Coastal NC

VOL14ISS1 2018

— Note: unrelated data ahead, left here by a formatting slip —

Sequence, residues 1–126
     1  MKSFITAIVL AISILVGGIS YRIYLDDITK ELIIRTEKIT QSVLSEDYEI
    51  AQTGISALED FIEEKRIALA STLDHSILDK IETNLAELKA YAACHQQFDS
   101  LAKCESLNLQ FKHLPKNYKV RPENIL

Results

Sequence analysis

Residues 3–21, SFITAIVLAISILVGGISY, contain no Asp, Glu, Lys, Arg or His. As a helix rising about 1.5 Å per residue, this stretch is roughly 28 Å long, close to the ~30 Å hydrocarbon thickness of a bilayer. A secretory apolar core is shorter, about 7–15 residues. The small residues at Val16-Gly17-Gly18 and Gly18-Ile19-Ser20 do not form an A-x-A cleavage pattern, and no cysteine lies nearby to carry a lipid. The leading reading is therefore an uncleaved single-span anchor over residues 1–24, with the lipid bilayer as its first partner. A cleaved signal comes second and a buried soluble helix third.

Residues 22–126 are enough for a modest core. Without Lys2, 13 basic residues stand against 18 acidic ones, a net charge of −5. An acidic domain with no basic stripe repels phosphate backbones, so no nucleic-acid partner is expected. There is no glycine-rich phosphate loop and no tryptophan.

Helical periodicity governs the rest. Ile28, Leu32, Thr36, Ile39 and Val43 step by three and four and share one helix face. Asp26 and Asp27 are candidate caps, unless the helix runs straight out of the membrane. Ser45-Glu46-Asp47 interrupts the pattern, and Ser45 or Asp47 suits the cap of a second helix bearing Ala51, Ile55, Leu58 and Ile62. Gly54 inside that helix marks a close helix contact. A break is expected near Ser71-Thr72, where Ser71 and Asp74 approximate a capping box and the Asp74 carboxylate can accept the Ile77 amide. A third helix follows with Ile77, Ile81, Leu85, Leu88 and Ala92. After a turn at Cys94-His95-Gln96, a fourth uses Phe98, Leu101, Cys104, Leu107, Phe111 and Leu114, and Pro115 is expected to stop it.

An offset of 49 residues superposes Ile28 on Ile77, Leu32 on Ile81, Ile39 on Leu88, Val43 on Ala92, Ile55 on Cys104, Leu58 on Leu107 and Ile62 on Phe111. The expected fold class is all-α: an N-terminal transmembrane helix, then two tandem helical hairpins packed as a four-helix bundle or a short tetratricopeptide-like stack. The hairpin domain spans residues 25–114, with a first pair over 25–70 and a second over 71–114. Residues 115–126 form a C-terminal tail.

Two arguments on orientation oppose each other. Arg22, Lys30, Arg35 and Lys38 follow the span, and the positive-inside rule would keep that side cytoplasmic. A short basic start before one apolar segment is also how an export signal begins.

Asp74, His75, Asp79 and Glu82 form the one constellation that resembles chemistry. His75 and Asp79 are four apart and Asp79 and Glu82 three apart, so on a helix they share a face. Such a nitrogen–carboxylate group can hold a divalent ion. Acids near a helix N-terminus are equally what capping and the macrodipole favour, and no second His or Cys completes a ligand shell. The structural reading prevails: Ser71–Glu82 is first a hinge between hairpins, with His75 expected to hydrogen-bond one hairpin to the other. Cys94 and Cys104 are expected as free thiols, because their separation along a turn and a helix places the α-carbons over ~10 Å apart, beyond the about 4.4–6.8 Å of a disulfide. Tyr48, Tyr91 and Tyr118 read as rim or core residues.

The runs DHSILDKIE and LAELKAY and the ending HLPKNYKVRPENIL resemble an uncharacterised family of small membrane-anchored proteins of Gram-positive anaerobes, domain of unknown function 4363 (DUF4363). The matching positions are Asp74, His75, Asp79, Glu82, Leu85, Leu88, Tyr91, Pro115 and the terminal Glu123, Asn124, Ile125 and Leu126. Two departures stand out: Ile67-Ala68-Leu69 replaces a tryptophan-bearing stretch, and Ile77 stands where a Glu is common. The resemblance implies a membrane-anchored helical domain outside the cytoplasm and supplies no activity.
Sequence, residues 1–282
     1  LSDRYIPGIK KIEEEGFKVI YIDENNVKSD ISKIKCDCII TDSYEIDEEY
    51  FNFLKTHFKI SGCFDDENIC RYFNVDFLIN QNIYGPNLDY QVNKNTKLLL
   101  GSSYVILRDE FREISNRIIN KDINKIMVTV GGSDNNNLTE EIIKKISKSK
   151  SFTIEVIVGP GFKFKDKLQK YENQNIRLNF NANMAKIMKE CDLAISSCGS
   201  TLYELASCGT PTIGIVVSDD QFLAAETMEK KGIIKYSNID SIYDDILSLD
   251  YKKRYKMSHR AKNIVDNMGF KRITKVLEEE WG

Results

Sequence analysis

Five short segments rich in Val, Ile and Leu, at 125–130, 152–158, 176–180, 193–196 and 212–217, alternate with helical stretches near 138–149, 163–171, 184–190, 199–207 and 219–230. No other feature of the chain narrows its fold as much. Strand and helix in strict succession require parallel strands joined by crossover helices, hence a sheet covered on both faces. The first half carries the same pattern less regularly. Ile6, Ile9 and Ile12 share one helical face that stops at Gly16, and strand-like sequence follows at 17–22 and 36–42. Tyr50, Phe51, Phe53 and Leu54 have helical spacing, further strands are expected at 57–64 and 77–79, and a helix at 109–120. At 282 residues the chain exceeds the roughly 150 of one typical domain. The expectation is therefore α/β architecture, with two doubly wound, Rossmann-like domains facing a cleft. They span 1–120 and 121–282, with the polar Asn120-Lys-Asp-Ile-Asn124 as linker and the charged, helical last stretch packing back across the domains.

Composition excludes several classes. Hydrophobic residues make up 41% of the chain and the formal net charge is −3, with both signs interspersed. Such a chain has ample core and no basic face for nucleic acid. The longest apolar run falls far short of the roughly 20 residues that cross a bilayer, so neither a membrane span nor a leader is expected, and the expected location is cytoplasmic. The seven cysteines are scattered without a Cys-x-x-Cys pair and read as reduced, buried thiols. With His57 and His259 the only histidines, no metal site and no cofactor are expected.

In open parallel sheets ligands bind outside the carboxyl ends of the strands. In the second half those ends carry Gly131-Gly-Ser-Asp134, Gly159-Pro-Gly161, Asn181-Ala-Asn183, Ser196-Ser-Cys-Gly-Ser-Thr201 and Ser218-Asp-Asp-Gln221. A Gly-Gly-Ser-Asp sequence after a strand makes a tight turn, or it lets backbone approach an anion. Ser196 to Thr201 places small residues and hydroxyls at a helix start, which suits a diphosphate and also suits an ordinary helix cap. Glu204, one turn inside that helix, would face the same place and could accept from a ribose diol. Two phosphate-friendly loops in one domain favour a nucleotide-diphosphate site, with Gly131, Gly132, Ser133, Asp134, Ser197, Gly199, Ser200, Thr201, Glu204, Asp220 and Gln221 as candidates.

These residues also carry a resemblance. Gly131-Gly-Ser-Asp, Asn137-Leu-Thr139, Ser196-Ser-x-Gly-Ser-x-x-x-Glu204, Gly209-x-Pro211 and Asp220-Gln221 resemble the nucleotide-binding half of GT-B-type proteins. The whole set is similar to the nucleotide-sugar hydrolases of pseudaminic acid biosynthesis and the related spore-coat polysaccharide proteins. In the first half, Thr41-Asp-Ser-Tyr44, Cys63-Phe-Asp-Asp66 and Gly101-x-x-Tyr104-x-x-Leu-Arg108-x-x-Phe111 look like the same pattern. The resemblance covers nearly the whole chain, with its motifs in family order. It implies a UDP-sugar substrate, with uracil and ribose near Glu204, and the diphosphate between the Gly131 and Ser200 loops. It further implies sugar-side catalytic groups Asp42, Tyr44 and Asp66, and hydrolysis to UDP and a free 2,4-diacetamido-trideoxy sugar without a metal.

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16 THE ORIGINAL RELOCATION GUIDE — CAPE FEAR NC | VOLUME 14—ISSUE 1 MOVING TIPS & TRICKS Everyone gets overwhelmed at the thought of moving. Very few of us have an appreciation for relocating, whether it's across town or across the country. Sarah and Jim lived in the Midwest and were ap- proaching retirement age. Having traveled to the Caroli- nas many times over the years for vacations and to visit family, they both fell in love with "the South." When the time came to make the final decision, there was no other choice as to "where" to retire, but leaving the place they'd called home for most of their lives proved harder than either had anticipated. After six months from the initial move they still had two houses and though the couple had relocated and established residence, they were still finding themselves making frequent trips back to the Midwest to pack a few more "treasures"— while at the same time paying for a storage unit at the new location in which to store them. The point is our homes very easily become part of who we are and even though we decide it's time to move on, taking all of that "home" with you is not very practical nor, most of the time, possible. Plus the stress of trying to take it all with you is not healthy and takes a great deal of fun and excitement away from the new adventures that lay ahead in the new location! Does a stress-free move really exist? Let's see… First look at the big picture. The well-worn phrase "the more things change, the more they stay the same" definitely applies to moving. Yes, everything is new and different — people, places, your new home — but soon you realize "that's okay". It's part of the adventure. If you wanted exactly the same thing you would have never moved in the first place! You will miss your old friends, but you will make new ones. You will miss your favor- ite diner, but you'll find that quaint little mom and pop café just down the road. Yes, you knew your old home like the back of your hand. You could roll out of bed in the middle of the night, stagger blindly to the bathroom and never stub your toe on a coffee table without even turning on a light. But your new home will have its own character and things you will learn to love – that view of the mountains from the front porch, or sitting in the yard on a summer evening and being able to see the stars and hear the crickets. See the big picture and realize that all of this can be, and is, a positive thing! Marla Cilley- "The FlyLady," founder of the popu- lar website www.flylady.net, is the best-selling author of "Sink Reflections," and co-author of the New York Time's best-seller "Body Clutter." I talked with the "FlyLa- dy" from her Brevard, North Carolina home from which, for over 17 years, she has mentored folks on subjects like stress-free moving. Through her daily emails and web site, she offers de-cluttering and organization advice and tips to over half a million subscribers in 92 countries, so she must be getting something right! Cilley teaches her inquirers to "baby step" through the process of moving. That's right, "baby step." According to the "FlyLady" you have to break everything in the move down into smaller parts so that you do not get overwhelmed. Cilley says to remember that many times in relocating you're going from a larger home where you began your married life and raised a family to a down-sized smaller home for just two. According to Cilley, "the problem is you can't take everything from a 4-bedroom home to a 2-bedroom condo at the beach or mountain cabin. Some- things just can't go!" "The real problem at moving time comes with what to do with keepsakes and items of sentimental value." Cil- ley's cardinal rules for dealing with not only keepsakes, but just about any item in your home are, before you pack it, ask yourself: 1. Do I love it? 2. Do I have a place for it? 3. Where is that place? It sounds simple, but you would be surprised how many "treasures" or "must-haves" this eliminates from the mov- ing van, saving you time, money and stress! Also, utilizing a neutral friend or accountability partner to help "sort your life" will greatly improve the process. What to do with the items you decide not to take with you? Again I defer to the "FlyLady." "Bless someone else with them," Cilley added. "If a fam- ily member has always wanted grandma's cupboard, give it her – she probably really loves it!" Other ideas include donating to charities, neighbors, or even selling (if there's time and it doesn't increase your stress level). Above all, don't get overwhelmed – 15 minutes at a time can make a big difference in any job if you have some guidelines that are simple and you don't try to do everything at once. [] Handle Your Move With Care BY STUART JAMES

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